27
Feb 2017

Termination of winding up revisited

In the recent decision of In the matter of The Wills Group Pty Limited (in liquidation) [2016] NSWSC 1907, the Supreme Court of New South Wales ordered that the winding up of The Wills Group Pty Limited (in liquidation) (Company) be terminated in circumstances where the proceedings leading to a judgment against the Company and the subsequent creditor’s statutory demand never came to the director’s attention.

Under section 482(1) of the Corporations Act 2001 (Cth) (Act), a Court may, upon application, make an order staying the winding up either indefinitely or for a limited time or terminating the winding up on a day specified in the order.  In this case, the director of the Company, Mr Lee, made an application on the basis that the Company was solvent and the matters which led to its winding up were no longer continuing.

In considering the application, the Court had regard to a number of factors, including:

  1. the current and potential residential building and construction projects to be undertaken by the Company, and importantly, some of which provided for deposits to be paid before the Company commenced the work;
  2. an expert report expressing the view that the Company was solvent;
  3. steps had been taken for funds to be provided to the liquidator of the Company to allow all of the debts of the Company to be discharged;
  4. there was no objection to termination of the winding up by the Company’s liquidator or the creditor that brought the winding up application; and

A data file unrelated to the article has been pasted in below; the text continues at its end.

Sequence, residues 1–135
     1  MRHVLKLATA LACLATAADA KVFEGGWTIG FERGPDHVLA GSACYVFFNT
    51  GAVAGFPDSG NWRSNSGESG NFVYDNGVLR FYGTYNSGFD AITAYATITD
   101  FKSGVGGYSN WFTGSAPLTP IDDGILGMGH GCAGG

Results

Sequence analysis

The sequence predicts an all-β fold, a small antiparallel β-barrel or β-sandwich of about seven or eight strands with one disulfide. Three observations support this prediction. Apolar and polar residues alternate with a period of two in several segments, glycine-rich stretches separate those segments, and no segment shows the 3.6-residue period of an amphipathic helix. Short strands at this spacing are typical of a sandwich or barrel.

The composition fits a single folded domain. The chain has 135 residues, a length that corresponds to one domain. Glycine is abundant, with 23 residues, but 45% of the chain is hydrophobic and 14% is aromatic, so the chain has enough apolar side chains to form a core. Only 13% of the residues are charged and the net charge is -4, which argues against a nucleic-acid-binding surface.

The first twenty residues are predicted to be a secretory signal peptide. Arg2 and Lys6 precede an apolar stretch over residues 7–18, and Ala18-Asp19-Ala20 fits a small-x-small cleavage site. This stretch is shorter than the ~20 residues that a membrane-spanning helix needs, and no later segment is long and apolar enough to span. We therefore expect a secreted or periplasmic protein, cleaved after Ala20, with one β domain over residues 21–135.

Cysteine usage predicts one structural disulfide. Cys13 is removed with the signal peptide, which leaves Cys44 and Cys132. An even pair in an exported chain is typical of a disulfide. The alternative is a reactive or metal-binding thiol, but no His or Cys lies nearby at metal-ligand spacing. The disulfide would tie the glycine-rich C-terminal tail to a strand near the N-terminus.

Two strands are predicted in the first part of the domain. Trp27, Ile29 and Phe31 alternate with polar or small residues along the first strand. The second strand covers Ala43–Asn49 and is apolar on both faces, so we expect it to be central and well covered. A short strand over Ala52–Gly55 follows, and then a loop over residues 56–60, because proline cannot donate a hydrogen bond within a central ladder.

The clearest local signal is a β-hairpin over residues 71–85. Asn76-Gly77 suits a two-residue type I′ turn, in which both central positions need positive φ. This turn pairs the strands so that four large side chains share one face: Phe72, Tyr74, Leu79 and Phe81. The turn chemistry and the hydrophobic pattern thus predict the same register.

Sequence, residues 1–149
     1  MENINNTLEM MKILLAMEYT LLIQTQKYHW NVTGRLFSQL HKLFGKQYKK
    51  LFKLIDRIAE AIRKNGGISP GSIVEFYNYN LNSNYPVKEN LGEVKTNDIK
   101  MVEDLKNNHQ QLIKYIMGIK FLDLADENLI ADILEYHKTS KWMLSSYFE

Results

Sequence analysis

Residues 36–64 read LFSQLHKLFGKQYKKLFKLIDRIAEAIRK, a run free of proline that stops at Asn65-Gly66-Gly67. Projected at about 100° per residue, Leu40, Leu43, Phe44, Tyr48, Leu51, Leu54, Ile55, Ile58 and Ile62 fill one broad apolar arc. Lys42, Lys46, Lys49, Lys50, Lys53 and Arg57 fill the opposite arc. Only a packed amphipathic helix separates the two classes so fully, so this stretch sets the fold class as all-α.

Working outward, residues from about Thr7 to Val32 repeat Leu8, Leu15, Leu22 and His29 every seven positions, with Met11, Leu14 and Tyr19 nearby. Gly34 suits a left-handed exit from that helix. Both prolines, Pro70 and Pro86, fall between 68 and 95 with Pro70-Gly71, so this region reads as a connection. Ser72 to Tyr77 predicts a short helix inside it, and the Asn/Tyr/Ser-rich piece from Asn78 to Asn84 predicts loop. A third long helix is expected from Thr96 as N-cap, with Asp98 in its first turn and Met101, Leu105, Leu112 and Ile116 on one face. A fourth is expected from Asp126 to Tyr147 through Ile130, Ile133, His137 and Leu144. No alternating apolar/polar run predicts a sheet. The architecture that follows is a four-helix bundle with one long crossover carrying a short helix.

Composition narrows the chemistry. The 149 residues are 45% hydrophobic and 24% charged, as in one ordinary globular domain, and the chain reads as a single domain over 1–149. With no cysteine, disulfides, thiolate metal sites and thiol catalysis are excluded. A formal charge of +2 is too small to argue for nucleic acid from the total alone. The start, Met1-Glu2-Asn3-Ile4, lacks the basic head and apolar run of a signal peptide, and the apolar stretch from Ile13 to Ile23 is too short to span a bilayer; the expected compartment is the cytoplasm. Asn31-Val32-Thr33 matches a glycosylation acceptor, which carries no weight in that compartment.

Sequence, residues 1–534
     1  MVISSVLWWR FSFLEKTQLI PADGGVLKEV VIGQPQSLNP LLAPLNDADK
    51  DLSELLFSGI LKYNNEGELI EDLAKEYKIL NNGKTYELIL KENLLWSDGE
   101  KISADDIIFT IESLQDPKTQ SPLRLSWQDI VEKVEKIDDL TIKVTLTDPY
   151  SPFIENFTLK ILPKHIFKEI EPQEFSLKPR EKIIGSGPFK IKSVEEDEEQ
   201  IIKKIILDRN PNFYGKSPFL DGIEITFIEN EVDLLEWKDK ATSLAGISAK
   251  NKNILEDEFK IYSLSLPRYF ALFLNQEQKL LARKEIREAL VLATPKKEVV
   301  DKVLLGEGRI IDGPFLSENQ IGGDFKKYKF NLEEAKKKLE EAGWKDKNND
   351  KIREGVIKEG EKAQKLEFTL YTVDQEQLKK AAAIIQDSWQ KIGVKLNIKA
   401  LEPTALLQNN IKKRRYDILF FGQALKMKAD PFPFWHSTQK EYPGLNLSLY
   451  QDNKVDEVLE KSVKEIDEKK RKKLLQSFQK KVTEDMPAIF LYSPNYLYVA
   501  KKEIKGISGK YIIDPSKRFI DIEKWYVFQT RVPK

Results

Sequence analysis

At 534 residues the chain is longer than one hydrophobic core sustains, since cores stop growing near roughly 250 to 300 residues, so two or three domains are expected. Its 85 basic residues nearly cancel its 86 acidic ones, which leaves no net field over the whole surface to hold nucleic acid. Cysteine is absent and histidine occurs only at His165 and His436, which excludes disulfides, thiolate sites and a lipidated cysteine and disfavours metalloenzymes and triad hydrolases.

5. there was no evidence to suggest non-compliance by the director of his previous statutory duties and nothing to suggest that the conduct of the Company’s business was contrary to commercial morality or the public interest.

In the circumstances, the Court considered that it was appropriate to terminate the winding up of the Company.  The decision serves as a timely reminder of the factors which a Court considers when exercising its discretion to terminate the winding up of a company.

Even in the unfortunate circumstances where a statutory demand never comes to the attention of a company, the Court will not provide a concession in its determination of an application to terminate the winding up.  However, as highlighted by this case, in such circumstances, it may easier for the relevant applicant to satisfy the Court that it is appropriate to terminate the winding up.

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